Markets, Economy

Weekly Kickstart (06/26/2017-06/30/2017)

6/26/17 8:00 AM

/iStock-510081306c.jpgStocks continued higher last week, with the S&P 500 rising by 0.21 percent to 2,438.30. That gain left the benchmark index up a solid 8.91 percent 2017-to-date, and just 0.62 percent below the all-time closing high. Last week’s rally might have been even better if not for the continued decline in the price of oil that has weighed heavily on stocks in the energy sector. In fact, the price for a barrel of West Texas Intermediate (WTI) crude oil last week dipped below $45 for the first time since November, in turn extending the year-to-date decline to roughly 20 percent. The latest leg lower in oil is due to renewed concerns about oversupply, and if the downtrend persists it could result in lower business fixed investment (capital expenditures) in the coming quarters, at least from companies in the energy arena. While that would provide a drag on U.S. gross domestic product (GDP), the overall stock market could still push higher just like it did during the first half of 2017 amid falling oil prices and modest economic growth.


However, only about one in three retail investors expect stock prices to rise over the next six months, according to a weekly poll conducted by the American Association of Individual Investors (AAII). That is down from 45.6 percent at the start of the year and may be partially related to heightened political uncertainty. Indeed, a new survey by Hartford Funds found that 37 percent of investors said that domestic politics are causing more sleepless nights for them than international politics. Professional financial advisers, though, also participated in the survey and they were a lot more likely to say they are sleeping soundly than being kept awake by domestic or international politics. Moreover, 62 percent of advisers agreed that client anxiety led to poor investment decisions last year, and John Diehl, senior vice president of strategic markets for Hartford Funds, stressed that “advisers typically see less reason for concern in times of political disruption because they are able to tune out the noise; they understand that there’s less of a connection between politics and market cycles.” Diehl added that “helping clients better understand their risk tolerance and how anxiety can lead to poor investment decisions is more important now than ever before.”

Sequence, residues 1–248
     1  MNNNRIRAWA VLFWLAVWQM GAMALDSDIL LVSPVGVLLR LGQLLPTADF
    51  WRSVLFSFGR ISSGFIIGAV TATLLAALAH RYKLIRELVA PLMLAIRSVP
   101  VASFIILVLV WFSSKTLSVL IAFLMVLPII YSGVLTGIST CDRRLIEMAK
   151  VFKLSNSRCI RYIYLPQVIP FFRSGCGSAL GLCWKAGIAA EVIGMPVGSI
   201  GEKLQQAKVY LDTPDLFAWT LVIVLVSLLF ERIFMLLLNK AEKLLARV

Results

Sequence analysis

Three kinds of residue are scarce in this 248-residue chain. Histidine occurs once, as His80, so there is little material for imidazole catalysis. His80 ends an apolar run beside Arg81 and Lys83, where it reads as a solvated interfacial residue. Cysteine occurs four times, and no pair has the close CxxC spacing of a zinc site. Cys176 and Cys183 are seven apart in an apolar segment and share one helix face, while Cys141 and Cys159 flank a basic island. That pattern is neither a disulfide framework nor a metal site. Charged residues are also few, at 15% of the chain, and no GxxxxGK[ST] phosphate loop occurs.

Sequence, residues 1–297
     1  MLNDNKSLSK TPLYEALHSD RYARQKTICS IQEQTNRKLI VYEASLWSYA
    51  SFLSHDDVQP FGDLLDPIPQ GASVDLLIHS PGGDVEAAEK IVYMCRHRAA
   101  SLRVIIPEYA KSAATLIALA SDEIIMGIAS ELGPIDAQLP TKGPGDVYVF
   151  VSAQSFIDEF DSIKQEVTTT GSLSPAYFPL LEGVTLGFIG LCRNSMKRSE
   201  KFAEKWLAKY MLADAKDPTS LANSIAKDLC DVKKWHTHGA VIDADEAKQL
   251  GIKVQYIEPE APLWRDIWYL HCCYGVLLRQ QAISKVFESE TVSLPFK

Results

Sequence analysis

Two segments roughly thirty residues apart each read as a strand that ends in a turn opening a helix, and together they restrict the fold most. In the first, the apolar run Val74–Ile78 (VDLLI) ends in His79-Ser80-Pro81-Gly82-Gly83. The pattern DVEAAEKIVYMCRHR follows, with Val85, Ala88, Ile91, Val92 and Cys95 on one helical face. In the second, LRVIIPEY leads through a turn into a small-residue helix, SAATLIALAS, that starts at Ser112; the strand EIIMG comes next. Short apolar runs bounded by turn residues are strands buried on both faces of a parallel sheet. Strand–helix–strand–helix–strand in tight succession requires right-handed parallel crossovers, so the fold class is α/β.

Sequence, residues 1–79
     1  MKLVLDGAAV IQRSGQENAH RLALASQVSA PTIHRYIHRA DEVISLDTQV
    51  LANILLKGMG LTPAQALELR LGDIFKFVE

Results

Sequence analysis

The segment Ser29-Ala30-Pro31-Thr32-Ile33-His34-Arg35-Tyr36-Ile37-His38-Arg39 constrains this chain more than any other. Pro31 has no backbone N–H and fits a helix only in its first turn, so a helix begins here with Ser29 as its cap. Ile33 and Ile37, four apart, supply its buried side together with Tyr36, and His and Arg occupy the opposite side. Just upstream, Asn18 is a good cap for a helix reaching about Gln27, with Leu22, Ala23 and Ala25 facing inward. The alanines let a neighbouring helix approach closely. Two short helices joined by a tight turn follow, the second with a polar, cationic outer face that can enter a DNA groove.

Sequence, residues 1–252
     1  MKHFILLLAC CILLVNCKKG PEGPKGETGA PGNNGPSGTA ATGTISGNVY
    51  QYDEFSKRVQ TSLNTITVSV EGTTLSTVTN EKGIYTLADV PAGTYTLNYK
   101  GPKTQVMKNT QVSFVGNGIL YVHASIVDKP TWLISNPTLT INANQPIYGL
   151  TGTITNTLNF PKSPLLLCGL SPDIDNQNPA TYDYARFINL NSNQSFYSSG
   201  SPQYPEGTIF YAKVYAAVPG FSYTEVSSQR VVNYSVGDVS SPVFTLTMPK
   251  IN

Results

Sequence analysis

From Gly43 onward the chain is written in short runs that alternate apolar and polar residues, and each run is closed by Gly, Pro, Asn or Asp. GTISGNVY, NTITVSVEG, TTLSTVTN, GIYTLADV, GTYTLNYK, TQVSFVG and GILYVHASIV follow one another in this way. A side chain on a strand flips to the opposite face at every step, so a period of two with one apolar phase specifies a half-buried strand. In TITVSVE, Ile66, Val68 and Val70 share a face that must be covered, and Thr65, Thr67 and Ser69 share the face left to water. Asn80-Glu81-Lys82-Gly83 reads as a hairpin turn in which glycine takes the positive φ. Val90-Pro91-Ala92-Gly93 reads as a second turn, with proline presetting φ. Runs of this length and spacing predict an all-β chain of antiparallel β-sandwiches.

To recap a few of the things we learned about the economy last week, the positives included that mortgage and refinance applications lifted, new home sales rebounded, existing home sales rose, manufacturing activity in the Midwest region of the country accelerated, and the number of Americans making first-time claims for unemployment benefits held below 300K for the 120th week in a row. As for the negatives, housing inflation pressures continued to build. This week the pace of economic data picks up slightly with several important reports on housing, manufacturing, employment, consumers, and inflation scheduled to be released, along with the final revision to the government’s official measure of U.S. GDP growth during the first quarter of 2017.


**A more detailed snapshot of the U.S. economy can be found here.**

What To Watch:








Sources: Econoday, AAII, Hartford Funds, Wells Fargo, FRBSL

Post author: Charles Couch